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|Title:||Immune Escape Mechanisms and Future Prospects for Immunotherapy in Neuroblastoma|
University of Cincinnati College of Medicine
Faculty of Medicine, Ramathibodi Hospital, Mahidol University
|Keywords:||Biochemistry, Genetics and Molecular Biology;Immunology and Microbiology|
|Citation:||BioMed Research International. Vol.2018, (2018)|
|Abstract:||© 2018 Thitinee Vanichapol et al. Neuroblastoma (NB) is the most common extracranial solid tumor in childhood with 5-year survival rate of 40% in high-risk patients despite intensive therapies. Recently, adoptive cell therapy, particularly chimeric antigen receptor (CAR) T cell therapy, represents a revolutionary treatment for hematological malignancies. However, there are challenges for this therapeutic strategy with solid tumors, as a result of the immunosuppressive nature of the tumor microenvironment (TME). Cancer cells have evolved multiple mechanisms to escape immune recognition or to modulate immune cell function. Several subtypes of immune cells that infiltrate tumors can foster tumor development, harbor immunosuppressive activity, and decrease an efficacy of adoptive cell therapies. Therefore, an understanding of the dual role of the immune system under the influences of the TME has been crucial for the development of effective therapeutic strategies against solid cancers. This review aims to depict key immune players and cellular pathways involved in the dynamic interplay between the TME and the immune system and also to address challenges and prospective development of adoptive T cell transfer for neuroblastoma.|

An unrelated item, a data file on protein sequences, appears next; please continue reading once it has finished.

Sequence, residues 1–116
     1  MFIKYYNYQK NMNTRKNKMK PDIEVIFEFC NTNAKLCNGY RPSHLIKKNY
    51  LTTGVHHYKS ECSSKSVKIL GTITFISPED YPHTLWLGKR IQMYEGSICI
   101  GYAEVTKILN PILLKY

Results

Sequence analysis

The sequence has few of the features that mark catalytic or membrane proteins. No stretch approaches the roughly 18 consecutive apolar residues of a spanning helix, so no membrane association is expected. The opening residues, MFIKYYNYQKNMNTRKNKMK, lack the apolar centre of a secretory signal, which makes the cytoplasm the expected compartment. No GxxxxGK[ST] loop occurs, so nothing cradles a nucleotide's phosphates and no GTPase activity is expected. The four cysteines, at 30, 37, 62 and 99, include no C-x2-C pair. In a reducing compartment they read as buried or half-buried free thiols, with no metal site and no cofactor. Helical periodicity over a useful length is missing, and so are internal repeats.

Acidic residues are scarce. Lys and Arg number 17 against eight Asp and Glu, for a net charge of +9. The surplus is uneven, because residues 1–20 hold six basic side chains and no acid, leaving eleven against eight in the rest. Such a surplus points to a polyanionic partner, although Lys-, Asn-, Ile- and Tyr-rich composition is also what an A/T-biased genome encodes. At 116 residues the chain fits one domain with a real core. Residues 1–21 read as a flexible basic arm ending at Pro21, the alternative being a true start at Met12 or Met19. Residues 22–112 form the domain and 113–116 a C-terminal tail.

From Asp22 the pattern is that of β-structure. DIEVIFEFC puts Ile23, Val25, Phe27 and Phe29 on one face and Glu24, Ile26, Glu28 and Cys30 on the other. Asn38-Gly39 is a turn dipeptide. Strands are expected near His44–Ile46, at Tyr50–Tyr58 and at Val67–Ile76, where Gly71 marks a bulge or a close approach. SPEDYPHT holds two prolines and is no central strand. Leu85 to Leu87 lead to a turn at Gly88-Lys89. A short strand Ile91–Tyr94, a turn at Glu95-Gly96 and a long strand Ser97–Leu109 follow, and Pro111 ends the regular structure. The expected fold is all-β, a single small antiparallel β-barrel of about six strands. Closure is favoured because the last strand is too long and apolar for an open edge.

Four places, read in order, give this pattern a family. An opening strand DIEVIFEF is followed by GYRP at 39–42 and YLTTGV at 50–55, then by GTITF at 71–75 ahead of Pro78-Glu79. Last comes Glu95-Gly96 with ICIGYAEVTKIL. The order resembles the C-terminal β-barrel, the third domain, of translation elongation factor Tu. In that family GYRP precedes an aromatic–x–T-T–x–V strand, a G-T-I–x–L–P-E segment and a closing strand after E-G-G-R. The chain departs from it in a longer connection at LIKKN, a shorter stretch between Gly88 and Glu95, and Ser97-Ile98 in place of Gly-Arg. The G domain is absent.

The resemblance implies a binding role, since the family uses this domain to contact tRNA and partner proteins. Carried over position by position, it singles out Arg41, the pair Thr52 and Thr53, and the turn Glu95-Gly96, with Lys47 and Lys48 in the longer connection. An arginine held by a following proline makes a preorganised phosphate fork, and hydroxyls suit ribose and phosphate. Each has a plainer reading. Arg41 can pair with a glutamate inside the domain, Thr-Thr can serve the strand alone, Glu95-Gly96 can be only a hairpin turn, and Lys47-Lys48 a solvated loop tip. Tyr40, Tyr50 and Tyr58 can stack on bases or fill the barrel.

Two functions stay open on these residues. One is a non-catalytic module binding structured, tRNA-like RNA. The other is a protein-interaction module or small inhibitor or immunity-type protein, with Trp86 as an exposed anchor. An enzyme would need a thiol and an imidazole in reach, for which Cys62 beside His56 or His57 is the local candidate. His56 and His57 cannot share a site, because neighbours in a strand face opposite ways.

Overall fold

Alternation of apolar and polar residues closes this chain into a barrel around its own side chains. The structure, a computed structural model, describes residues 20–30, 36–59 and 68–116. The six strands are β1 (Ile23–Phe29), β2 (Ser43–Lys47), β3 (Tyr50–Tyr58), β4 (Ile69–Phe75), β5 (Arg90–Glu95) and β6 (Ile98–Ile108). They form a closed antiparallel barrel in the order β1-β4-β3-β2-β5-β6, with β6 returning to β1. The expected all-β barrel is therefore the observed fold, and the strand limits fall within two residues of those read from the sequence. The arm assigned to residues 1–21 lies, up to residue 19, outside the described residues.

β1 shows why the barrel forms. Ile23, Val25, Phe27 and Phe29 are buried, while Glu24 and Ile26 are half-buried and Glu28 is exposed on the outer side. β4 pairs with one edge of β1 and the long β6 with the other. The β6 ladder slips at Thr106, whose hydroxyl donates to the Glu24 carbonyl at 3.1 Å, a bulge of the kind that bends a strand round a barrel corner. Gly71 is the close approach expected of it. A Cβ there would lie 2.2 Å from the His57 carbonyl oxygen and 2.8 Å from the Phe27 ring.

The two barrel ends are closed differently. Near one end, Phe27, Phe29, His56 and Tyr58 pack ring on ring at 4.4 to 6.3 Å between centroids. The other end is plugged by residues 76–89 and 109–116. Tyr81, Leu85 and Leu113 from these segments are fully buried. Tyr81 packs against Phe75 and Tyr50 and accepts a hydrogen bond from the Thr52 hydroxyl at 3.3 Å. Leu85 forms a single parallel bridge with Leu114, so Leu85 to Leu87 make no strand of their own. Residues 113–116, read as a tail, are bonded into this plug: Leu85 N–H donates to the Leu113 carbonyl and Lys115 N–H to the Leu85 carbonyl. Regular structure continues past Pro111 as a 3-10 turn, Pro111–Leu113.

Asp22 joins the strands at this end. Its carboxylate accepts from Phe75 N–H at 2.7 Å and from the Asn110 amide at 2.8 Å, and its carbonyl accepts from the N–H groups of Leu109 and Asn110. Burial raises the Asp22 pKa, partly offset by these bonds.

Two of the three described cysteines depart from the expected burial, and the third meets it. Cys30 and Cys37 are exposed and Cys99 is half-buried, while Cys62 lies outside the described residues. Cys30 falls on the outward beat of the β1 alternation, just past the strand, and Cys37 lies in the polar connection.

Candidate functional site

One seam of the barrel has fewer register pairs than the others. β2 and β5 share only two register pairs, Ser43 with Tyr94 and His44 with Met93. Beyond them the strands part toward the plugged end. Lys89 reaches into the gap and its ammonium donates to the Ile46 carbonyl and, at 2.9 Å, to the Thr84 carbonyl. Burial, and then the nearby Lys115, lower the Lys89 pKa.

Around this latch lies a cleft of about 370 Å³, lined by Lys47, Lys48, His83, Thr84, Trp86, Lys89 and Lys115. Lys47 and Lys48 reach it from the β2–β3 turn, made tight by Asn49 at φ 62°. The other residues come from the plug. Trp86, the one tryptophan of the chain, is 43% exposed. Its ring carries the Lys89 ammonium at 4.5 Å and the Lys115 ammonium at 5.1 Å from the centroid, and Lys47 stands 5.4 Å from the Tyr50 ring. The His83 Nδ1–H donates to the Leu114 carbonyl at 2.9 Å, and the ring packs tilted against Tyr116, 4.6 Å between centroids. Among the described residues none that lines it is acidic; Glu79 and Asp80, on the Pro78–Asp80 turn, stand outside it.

|Appears in Collections:||Scopus 2018|
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